Ruth Perry: Ofsted plans training to spot ‘visible signs of anxiety’

Watchdog also launches new complaints hotline

Watchdog also launches new complaints hotline

Ofsted has announced plans to train all inspectors on dealing with anxious staff and when to pause visits after the Ruth Perry inquest reached its conclusion.

Chief inspector Amanda Spielman has apologised to the family of headteacher Ruth Perry, after an inquest into her death recorded a verdict of suicide, contributed to by an Ofsted inspection.

From next week, a new complaints hotline will be set up for education settings to report any concerns about their inspection to a senior Ofsted official.

Spielman said Ofsted had already “made changes to the way we work” and “we will do more”, also pledging to “work hard to address” each concern raised by the coroner.

School inspections planned for next week will be delayed by a day as lead school inspectors are called for an urgent briefing. This session will be schools-focussed, with inspections of FE providers going ahead as planned.

But, there will be wider training inspectors across all of Ofsted’s remits.

Spielman said: “The coroner highlighted a number of areas of concern. We will work hard to address each of these as soon as we can, and we are starting that work straight away.

“We have started to develop training for all inspectors on recognising and responding to visible signs of anxiety.

“It’s right that we inspect first and foremost in the interests of children, their parents and carers. But in the light of Mrs Perry’s sad death, it’s also vital that we do all we can to minimise stress and anxiety when we inspect.”

The coroner in the inquest into the death of Perry warned there is a “risk of future deaths if there is only lip service paid to learning from tragedies like this”.

Heidi Connor, who concluded Perry died in January by suicide, contributed to by an Ofsted inspection, plans to issue a “regulation 28” report aimed at preventing future deaths, and urged education secretary Gillian Keegan not to ignore its findings.

She said she hoped her conclusions and report “will be used by the parliamentary inquiry process to review how inspection should work going forward”.

Keegan said the government would “consider further changes to make sure we have an inspection system that supports schools and teachers, and ultimately secure Ruth’s legacy”.

Perry was headteacher at Caversham Primary School in Berkshire when it was rated ‘inadequate’ by inspectors following the visit last autumn.

Under regulation 28, coroners have a “duty to make reports to a person, organisation, local authority or government department or agency where the coroner believes that action should be taken to prevent future deaths”.

Connor said she wanted to “consider the statistics about responses to these reports by government departments”.

But she told Perry’s family “Ruth is not a statistic to me, so please forgive me for mentioning this point briefly”. 

She pointed to a “preventable deaths tracker”, created by an Oxford epidemiologist, which “shows a tendency for some secretaries of state to ignore coroners’ regulation 28 reports”.

“I very much hope that will not be the case here.”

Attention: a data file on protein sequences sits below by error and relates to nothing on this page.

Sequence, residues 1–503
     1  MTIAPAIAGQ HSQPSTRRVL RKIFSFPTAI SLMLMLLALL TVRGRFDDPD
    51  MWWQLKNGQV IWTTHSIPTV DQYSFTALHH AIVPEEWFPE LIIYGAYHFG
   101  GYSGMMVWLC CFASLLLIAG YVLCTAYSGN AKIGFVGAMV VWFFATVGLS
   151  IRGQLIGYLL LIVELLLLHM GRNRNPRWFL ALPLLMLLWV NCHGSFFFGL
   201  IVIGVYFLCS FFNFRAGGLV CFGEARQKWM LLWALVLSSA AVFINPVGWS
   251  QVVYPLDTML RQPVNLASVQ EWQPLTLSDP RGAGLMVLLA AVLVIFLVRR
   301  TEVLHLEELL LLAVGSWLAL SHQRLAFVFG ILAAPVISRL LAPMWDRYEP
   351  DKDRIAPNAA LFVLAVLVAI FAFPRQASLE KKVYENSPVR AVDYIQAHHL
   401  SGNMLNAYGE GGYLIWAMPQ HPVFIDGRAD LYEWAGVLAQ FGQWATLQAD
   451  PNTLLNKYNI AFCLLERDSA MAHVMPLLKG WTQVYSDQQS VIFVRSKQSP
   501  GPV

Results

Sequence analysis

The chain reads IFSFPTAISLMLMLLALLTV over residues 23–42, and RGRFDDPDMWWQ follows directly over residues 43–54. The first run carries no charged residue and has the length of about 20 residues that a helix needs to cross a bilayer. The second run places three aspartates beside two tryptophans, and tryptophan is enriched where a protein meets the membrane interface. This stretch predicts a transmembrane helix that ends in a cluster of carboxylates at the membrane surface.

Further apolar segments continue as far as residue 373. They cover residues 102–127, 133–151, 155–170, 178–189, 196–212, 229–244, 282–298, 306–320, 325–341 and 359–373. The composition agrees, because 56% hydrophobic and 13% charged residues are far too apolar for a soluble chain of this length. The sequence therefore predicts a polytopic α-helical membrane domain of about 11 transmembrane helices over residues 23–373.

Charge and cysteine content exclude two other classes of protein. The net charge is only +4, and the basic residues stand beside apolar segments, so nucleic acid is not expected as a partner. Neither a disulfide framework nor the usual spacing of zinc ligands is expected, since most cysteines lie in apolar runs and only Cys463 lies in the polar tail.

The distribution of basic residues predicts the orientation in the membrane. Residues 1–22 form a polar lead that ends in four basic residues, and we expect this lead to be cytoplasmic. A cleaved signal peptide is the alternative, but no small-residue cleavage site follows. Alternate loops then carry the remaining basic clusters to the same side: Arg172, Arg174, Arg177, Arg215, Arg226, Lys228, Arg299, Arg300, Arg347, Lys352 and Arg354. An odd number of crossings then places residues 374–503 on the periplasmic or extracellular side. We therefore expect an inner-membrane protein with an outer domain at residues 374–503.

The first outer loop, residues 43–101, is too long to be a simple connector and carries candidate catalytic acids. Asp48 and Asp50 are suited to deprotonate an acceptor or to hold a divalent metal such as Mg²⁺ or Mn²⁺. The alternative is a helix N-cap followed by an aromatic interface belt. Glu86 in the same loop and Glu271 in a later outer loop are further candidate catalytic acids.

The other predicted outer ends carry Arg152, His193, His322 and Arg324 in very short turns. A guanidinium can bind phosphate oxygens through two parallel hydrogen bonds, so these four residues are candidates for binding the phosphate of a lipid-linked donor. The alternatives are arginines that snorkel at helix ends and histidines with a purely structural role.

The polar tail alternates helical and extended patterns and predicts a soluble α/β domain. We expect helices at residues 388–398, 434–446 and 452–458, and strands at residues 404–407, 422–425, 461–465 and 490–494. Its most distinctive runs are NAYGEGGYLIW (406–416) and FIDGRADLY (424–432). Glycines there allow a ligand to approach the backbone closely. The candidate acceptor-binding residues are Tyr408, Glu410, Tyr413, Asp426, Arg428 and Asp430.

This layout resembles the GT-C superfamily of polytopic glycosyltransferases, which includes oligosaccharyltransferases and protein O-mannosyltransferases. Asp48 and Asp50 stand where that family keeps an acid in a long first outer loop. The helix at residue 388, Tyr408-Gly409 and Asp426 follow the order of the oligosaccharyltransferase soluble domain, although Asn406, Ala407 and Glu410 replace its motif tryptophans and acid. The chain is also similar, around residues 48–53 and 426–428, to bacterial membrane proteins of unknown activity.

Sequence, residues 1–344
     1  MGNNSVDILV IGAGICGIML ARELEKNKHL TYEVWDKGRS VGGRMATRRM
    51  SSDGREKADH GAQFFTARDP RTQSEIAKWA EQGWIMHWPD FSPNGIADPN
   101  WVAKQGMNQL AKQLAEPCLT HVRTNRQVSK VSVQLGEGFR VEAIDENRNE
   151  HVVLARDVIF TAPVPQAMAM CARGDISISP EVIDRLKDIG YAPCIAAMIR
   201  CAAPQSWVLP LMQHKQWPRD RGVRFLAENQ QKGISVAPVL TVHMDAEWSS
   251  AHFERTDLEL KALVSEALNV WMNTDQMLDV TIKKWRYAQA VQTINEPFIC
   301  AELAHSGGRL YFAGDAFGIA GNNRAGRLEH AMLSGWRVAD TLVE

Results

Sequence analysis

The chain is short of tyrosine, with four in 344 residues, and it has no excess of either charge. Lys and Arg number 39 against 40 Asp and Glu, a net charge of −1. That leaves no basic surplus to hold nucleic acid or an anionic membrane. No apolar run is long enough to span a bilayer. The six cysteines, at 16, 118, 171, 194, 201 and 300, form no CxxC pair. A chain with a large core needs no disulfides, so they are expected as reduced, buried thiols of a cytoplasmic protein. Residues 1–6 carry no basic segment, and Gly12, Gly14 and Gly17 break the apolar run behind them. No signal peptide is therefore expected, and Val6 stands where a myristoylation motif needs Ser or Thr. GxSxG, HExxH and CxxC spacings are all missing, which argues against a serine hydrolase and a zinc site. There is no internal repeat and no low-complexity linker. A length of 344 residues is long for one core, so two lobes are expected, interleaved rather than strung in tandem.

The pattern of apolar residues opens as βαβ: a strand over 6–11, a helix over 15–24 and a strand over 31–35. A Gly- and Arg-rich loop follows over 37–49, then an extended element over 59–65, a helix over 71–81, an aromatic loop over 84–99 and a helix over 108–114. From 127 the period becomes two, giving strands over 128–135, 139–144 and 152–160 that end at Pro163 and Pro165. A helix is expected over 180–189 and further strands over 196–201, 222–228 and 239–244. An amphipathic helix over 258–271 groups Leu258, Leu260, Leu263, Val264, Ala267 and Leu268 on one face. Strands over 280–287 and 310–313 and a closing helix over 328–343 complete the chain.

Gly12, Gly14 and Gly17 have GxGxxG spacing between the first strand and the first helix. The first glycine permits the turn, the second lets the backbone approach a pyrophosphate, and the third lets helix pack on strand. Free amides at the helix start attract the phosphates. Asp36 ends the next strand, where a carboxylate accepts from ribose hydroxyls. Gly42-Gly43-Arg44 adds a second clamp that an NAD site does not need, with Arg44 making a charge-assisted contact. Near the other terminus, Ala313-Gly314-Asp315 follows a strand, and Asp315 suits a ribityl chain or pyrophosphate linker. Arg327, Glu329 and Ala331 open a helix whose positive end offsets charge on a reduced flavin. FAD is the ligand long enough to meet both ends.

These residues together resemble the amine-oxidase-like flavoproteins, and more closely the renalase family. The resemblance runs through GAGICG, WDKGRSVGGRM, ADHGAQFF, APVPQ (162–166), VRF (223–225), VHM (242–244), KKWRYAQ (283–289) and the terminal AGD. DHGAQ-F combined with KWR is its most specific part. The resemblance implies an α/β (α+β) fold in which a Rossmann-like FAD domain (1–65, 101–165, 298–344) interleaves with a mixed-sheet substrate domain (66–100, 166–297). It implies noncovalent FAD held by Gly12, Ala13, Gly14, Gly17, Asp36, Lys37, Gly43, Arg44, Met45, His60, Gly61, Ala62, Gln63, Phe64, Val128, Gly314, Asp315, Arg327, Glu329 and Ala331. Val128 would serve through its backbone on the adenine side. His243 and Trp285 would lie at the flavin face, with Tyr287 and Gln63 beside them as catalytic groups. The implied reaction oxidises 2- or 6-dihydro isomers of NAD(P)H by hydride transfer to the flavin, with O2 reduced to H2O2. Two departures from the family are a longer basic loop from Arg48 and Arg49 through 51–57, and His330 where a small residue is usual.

System ‘not weighed against teacher welfare’

The report will highlight seven areas of concern for Ofsted and the Department for Education, including the “impact on leader welfare that this system will continue to have”. 

Connor said “any form of inspection or review will always be inherently stressful”, and that she had “taken that into account in reaching my conclusions”. She added that “nobody would dispute that safeguarding is important”.

But she warned transparency and “ease of message to parents” was “not currently weighed against teacher welfare. The benefits are focused on without taking account of the risks.”

She also noted an “almost complete absence” of Ofsted training or published policies on dealing with signs of distress in leaders during inspections.

Ofsted has been repeatedly criticised for its response to Perry’s death. Last month, Spielman claimed critics had used the tragedy “as a pivot to try and discredit” Ofsted’s work.

Connor said Ofsted’s “approach has been to make public statements in court, setting out their view on whether Ruth’s death was linked to the inspection and how it was carried out”.

“They have publicly described this tragedy as a pivot, used to try and discredit what Ofsted does. This is without any attempt to analyse the evidence more carefully. There is a risk of future deaths if there is only lip service paid to learning from tragedies like this.”

Keegan will consider ‘further changes’

Keegan said Ofsted was “fundamental to making sure children are safe and receive the education they deserve”.

“Together we will look closely at the coroner’s recommendations to consider further changes to make sure we have an inspection system that supports schools and teachers, and ultimately secure Ruth’s legacy.”

She added that “my heart goes out to Ruth’s family, friends and the school community. Her death was a tragedy that not only shocked the local community but also the wider sector and beyond.”

Samaritans are available 365 days a year. You can reach them on free call number 116 123, email them at or visit to find your nearest branch.

Education Support runs a confidential helpline for education staff and teachers – call 08000 562 561. 

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  1. Imagine having to train those that make such powerful and emphatic judgements within 3 days how to see signs of visible distress. It’s visible…. says a lot about their judgment if they can’t see the visible!